Peppers love the hot, dry weather of late summer and early fall and are plentiful at the market.
 Sweet potatoes are a fall favorite too

 Being so close to the Chesapeake Bay means oysters are plentiful too and these are Crassostrea virginica the native species.  King Corrotoman Oysters brings them in fresh but be sure to check the schedule, they do not come every week.

 Everywhere you go, signs of fall.  Love the use of persimmons in this bouquet.

 Radishes are a quick crop to produce and it is easy to see why farmers would offer them for sale; they are so colorful.  Did you know that radishes are just as good roasted as they are raw and the greens are pretty tasty when cooked too!  Click here for my recipe for roasted radishes and wilted greens.

Mountains of Tuscan kale just waiting to be sauteed or added to salads and it has me dreaming about my new garden next spring…

This post is participating in the Virginia Bloggers Friday Favorites linkup.  Be sure to check out the links posted by other members and visitors to the website.

farmers market foray; colonial williamsburg

this week, i am posting from colonial williamsburg, the area i will be calling home in the very near future.  hard to believe but after a quick 19 years, darry and i have sold the house and are relocating to williamsburg for his new position.  as part of that transition, i went out there this week to begin the search for a place to live.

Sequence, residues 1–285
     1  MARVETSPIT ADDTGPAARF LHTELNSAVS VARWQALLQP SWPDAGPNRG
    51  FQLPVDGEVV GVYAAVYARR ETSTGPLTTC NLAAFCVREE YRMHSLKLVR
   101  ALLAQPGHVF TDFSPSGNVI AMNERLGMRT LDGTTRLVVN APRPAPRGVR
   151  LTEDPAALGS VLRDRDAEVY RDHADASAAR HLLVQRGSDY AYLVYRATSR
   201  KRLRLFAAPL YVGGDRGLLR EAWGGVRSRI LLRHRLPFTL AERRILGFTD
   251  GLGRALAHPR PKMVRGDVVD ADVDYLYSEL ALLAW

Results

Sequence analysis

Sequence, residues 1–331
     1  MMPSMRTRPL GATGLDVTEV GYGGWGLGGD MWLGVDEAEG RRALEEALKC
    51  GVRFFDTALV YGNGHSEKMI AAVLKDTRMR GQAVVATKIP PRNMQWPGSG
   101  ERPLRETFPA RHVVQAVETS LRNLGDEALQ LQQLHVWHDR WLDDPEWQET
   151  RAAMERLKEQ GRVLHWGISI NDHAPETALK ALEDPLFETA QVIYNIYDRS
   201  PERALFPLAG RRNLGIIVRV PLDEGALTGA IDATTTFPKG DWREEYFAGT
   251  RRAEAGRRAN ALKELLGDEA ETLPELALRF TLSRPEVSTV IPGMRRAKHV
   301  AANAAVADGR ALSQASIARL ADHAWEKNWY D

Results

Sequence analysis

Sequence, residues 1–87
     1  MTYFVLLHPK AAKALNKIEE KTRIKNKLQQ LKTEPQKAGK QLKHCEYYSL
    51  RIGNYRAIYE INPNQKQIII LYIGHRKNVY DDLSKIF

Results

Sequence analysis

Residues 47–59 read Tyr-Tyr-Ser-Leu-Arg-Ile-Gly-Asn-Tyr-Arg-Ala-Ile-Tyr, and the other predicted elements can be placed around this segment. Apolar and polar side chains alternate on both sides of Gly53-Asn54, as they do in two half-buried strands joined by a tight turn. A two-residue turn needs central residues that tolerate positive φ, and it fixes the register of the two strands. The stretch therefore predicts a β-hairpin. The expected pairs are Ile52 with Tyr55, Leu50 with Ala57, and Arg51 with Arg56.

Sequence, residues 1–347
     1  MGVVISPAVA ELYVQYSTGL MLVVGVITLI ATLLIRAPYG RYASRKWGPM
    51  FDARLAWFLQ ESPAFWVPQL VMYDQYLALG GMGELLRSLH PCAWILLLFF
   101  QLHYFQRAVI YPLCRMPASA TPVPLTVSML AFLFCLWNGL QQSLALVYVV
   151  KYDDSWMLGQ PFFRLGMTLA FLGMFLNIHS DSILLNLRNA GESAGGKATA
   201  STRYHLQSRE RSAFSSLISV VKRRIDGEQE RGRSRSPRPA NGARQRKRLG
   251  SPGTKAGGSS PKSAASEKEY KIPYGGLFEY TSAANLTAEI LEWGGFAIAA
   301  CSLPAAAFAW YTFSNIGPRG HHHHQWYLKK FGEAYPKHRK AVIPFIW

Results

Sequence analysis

part of that process included getting to know the area.  sure, i visited colonial williamsburg as a kid but this is the first time i have done so as an adult.  my father will be proud to know that this time, i truly appreciate the historical aspect of the city and i am looking forward to getting to know all i can about this beautiful place.

during the summer, the historical merchants square is home to a weekly farmers market.  each saturday morning, the street is filled with vendor booths stocked with products ranging from flowers, baked goods, chocolates and produce to meats, cheeses and honey.  if you cannot find it here, it just isn’t in season!  be sure to check out the website as it lists the vendors who will be in attendance each week-yes the website is updated weekly, so you can plan your trip in advance if there is a specific item you would like to purchase.  darry and i spent the morning wandering from booth to booth while listening to live music courtesy of a local group of what we assumed were very talented high school students.  the best part about the market, you can purchase wooden nickels, tokens if you will, for $5 each and then spend them all season long at the market-a great idea if you want to stick to a budget or if you happen to pop in at the last minute and are short on cash.  these tokens spend like cash and if your total is less than $5, they will give you change in cash.

having lived in tennessee for a while now, i was a little surprised to see such a small variety of tomatoes.  it seems that the folks in nashville are much more tomato crazy-must be the tomato sandwich that drives it.  only one vendor had cherokee purples-a tomato that darry is completely hooked on, and rightly so!  we settled on a basket of mixed tomatoes to snack on.

i love fresh flowers and was amazed at how many of these bouquets had giant marigolds in them. looks like i will have to plant the monster sized ones in my new garden so that i can put them in bouquets too.  to see them here, look at the blue bucket in the bottom left corner, that was mostly marigolds.

 nothing like fresh berries from the market-just picked and juicy!